Business leaders and brands must plan to get ahead as legislation continues to roll out.
To meet future legislation, industries must address a multitude of social and environmental challenges, from product waste and repair to land preservation, CO2 emissions and worker rights.
What you need to know
- ESG regulations initiated by the EU and North America will affect producer countries in APAC, South America and Africa – regions that are currently incentivised rather than legislated on.
Whilst often requiring sacrifices in near-term benefits, legislation increasingly plays a role in driving product innovation. In a world gripped by an environmental crisis, it is the brands that embrace sustainability, not as a response to legislation, but as a strategic advantage, that will propel them ahead of the competition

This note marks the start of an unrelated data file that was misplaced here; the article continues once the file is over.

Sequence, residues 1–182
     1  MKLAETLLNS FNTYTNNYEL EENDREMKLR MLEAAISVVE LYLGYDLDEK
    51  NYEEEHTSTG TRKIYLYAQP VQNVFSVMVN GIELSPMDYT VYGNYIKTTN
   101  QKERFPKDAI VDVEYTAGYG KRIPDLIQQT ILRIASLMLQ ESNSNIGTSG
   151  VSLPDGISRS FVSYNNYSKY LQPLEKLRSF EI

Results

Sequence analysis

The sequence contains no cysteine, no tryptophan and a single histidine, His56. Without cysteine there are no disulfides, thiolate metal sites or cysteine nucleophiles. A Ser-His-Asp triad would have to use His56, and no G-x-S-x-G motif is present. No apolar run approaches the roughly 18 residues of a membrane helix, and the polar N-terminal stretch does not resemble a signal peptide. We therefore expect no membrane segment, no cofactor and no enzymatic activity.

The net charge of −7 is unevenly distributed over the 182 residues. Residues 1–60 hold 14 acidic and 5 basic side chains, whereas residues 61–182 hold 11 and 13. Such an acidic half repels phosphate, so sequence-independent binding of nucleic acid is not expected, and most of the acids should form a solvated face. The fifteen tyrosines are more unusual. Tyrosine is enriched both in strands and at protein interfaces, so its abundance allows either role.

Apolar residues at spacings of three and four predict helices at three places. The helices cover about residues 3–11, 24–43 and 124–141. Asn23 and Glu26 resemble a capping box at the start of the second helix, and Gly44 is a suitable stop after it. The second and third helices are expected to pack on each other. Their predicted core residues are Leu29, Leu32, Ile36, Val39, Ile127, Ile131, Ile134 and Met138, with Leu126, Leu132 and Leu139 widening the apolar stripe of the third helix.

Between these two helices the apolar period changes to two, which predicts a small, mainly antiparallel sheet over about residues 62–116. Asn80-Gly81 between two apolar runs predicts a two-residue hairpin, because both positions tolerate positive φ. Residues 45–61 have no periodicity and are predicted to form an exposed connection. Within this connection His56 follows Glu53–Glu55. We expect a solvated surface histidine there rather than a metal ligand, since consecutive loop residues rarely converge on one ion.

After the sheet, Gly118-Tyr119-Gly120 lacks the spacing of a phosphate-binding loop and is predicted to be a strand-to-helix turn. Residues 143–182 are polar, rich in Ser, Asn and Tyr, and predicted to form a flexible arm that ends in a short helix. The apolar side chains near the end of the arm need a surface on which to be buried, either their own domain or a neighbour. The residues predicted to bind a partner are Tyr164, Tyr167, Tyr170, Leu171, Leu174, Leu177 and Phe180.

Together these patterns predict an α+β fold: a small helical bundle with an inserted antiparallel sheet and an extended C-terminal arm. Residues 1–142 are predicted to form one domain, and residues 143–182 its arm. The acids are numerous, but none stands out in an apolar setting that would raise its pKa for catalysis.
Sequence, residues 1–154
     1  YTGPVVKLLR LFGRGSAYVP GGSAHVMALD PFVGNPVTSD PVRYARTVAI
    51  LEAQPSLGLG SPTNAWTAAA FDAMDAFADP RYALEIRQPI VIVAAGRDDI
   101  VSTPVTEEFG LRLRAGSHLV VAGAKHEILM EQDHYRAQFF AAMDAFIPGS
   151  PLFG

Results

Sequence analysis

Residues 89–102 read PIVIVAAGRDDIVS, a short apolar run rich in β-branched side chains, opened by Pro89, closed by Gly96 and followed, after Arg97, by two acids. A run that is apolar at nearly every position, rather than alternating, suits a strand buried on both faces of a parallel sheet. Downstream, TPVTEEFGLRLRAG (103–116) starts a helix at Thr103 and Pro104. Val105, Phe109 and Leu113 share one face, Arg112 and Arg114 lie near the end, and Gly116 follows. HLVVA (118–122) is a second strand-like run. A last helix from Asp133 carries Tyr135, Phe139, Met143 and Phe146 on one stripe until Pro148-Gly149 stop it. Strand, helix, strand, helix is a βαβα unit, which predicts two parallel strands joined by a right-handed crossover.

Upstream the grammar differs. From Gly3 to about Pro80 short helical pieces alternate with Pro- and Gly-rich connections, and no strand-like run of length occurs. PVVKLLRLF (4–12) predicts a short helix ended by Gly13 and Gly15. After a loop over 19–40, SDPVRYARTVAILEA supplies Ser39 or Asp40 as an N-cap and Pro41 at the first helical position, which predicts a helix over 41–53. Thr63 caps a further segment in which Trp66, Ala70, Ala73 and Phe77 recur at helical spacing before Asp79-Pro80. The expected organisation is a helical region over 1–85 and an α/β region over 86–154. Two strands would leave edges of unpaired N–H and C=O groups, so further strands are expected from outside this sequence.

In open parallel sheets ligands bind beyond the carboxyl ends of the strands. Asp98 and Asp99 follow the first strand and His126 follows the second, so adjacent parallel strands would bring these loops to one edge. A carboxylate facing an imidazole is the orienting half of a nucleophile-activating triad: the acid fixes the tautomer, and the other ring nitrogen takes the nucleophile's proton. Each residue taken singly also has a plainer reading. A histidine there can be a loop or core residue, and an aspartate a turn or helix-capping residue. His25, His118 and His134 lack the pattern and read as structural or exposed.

Millie Diamond, Strategist, WGSN Food & Drink
Initiatives and frameworks already in progress
Fashion brands will need to get ahead of the EU’s Waste Framework Directive for textile waste and meet social and environmental rules to meet the New York Fashion Act. The EU's ‘right to repair', law will require sellers to offer customers repair (unless repair is more costly than replacement)
- Industry groups are actively approving regulations. The CFDA (Council of Fashion Designers of America) and other bodies lobbied for support of a Californian state legislation bid to force businesses to publish CO2 emissions
- Brazil’s state-owned Petrobras Podium Gasoline firm has launched CO2-neutral gas, compensating emissions from the fuel’s lifecycle with actions that preserve or restore the Amazon forest. Each of the 175 thousand carbon credits purchased will offset one tonne of CO2 emissions
- Alongside ESG investment in Asia, government initiatives designed to reduce emissions through cap and trade include China’s Emissions Trading Scheme and Singapore’s Carbon Pricing Act tax